23 Feb 2020
World airspace risk map at SafeAirspace.net as at Feb 23rd, 2020
About Safe Airspace
The Conflict Zone & Risk Database provides a single, independent, and eternally free resource for all airspace risk warnings, so that airlines and aircraft operators can easily see the current risk picture for unfamiliar airspace.
Safe Airspace is an initiative from OPSGROUP, an independent organization with 5000 members, made up of airlines, corporate flight departments, private operators, charter operators, military, and government.
Read more at SafeAirspace.net.
Sources of information
- Warnings issued by the country concerned. Operators should note that in general, the Civil Aviation Authorities of the countries whose airspace is determined to be unsafe are (very) unlikely to issue reliable guidance.
- Warnings issues by other states about that country. There are 4 main countries that provide important risk information: Germany, France, the UK, and the United States – and these have become the de-facto initiators of airspace warnings. These are issued for their own carriers and are not binding on operators from other states, but they are useful to determine risk levels.
- Other countries who issue risk information, carried here: South Africa, Malta, Ireland
- Verified reports from OPSGROUP members.
- Essential Risk information from other sources.
- Verified reports to email@example.com
LEVEL 1: Do not fly
Criteria: Any of these will trigger Level 1: A prohibition warning is issued by another state, with either a total ban for their carriers, or a ban that excludes only a small portion of airspace, OR an OPSGROUP quick assessment of risk shows a clear threat to operators, and that risk is at least moderate.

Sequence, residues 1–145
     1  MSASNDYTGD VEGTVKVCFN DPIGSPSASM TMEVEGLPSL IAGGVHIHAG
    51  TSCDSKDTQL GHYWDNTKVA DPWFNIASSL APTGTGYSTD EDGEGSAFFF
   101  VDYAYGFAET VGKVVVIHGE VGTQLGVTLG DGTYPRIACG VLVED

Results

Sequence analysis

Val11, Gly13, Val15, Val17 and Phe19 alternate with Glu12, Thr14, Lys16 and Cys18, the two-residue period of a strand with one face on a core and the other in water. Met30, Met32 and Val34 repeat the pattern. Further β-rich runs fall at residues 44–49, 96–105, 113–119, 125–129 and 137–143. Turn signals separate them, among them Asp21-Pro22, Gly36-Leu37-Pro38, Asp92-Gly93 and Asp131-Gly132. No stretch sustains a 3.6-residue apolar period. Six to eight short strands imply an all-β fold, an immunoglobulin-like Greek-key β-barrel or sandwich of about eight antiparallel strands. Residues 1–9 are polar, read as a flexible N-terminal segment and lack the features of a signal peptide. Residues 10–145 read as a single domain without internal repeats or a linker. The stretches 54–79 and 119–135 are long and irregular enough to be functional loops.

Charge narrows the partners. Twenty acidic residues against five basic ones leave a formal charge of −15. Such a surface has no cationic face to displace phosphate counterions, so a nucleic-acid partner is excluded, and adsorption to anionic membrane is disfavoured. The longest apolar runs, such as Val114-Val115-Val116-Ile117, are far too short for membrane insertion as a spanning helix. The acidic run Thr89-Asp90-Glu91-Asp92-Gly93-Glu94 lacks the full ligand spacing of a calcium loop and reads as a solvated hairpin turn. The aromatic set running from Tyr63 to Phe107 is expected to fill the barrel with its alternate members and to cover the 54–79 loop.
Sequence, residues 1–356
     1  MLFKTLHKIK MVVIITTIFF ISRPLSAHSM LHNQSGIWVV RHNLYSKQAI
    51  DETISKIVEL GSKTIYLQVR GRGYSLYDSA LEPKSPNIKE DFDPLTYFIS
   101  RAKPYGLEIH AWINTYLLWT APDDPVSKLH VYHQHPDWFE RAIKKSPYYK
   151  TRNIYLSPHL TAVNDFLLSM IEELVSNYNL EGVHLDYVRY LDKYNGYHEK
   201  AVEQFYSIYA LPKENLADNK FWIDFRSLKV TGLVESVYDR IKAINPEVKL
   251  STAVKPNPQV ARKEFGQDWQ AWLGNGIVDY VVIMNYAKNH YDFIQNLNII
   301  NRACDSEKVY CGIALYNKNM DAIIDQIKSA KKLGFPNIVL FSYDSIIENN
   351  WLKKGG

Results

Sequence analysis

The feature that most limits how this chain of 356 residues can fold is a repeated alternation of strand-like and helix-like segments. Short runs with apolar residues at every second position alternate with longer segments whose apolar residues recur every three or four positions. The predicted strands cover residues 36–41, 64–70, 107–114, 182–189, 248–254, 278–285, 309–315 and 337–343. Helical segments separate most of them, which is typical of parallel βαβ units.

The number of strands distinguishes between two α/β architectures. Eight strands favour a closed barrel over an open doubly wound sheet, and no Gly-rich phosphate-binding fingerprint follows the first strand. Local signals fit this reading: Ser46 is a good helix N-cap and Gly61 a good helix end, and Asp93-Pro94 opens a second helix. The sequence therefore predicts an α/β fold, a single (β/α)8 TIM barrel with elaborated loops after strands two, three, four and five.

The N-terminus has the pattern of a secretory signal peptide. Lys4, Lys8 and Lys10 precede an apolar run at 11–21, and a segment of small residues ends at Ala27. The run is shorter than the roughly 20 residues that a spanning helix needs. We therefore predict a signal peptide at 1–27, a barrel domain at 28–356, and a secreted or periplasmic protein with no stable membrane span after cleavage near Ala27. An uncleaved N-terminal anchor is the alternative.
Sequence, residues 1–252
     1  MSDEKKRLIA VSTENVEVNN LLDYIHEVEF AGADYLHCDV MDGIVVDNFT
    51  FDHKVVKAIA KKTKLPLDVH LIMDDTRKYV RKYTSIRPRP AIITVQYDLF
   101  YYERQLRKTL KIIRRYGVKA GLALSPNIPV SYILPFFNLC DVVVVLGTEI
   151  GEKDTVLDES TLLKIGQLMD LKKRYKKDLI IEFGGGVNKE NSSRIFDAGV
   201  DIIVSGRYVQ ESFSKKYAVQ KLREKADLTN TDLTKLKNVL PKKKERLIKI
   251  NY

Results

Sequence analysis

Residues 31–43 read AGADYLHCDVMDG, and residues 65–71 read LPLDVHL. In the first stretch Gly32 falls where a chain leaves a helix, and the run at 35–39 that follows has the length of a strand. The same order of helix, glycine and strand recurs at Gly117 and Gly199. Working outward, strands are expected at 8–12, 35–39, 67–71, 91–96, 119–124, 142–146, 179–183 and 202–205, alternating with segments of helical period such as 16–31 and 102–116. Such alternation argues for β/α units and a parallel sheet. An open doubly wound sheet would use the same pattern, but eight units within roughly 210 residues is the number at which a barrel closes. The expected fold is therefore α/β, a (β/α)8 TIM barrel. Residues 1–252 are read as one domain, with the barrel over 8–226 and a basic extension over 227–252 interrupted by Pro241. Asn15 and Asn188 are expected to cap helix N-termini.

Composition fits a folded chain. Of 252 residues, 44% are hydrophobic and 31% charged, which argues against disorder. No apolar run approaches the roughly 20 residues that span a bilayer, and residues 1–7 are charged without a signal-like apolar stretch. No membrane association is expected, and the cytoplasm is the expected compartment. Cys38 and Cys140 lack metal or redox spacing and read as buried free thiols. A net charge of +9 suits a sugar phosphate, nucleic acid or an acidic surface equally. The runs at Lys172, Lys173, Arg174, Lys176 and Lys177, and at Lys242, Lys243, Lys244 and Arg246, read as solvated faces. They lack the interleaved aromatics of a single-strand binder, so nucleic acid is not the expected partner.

September 2018 - Russian military aircraft shot down on the border between Damascus and Nicosia FIR.
Israel carries out occasional airstrikes on Syrian territory. Russia has accused the Israeli military of putting commercial flights at risk, by timing their airstrikes on Syria too close to flights arriving at Beirut and Damascus airports. On Feb 6, a commercial A320 flight en-route to Damascus was forced to divert to Russia-controlled Khmeimim air base to avoid coming under fire from Syrian air defences. Damascus ATC instructed the plane to divert, as the Syrian air defence systems engaged four Israeli F-16s, and the civilian aircraft could have found itself in the crossfire.
Almost no traffic overflies Syria, and it should be avoided.
As clarity of cause emerged, many countries have slowly issued warnings to avoid the airspace of Iran and Iraq. We now classify both these countries as Level 1 - Do Not Fly airspace. Tehran and Baghdad FIRs are off limits. Operating to airports in either Iraq or Iran is equally unadvisable.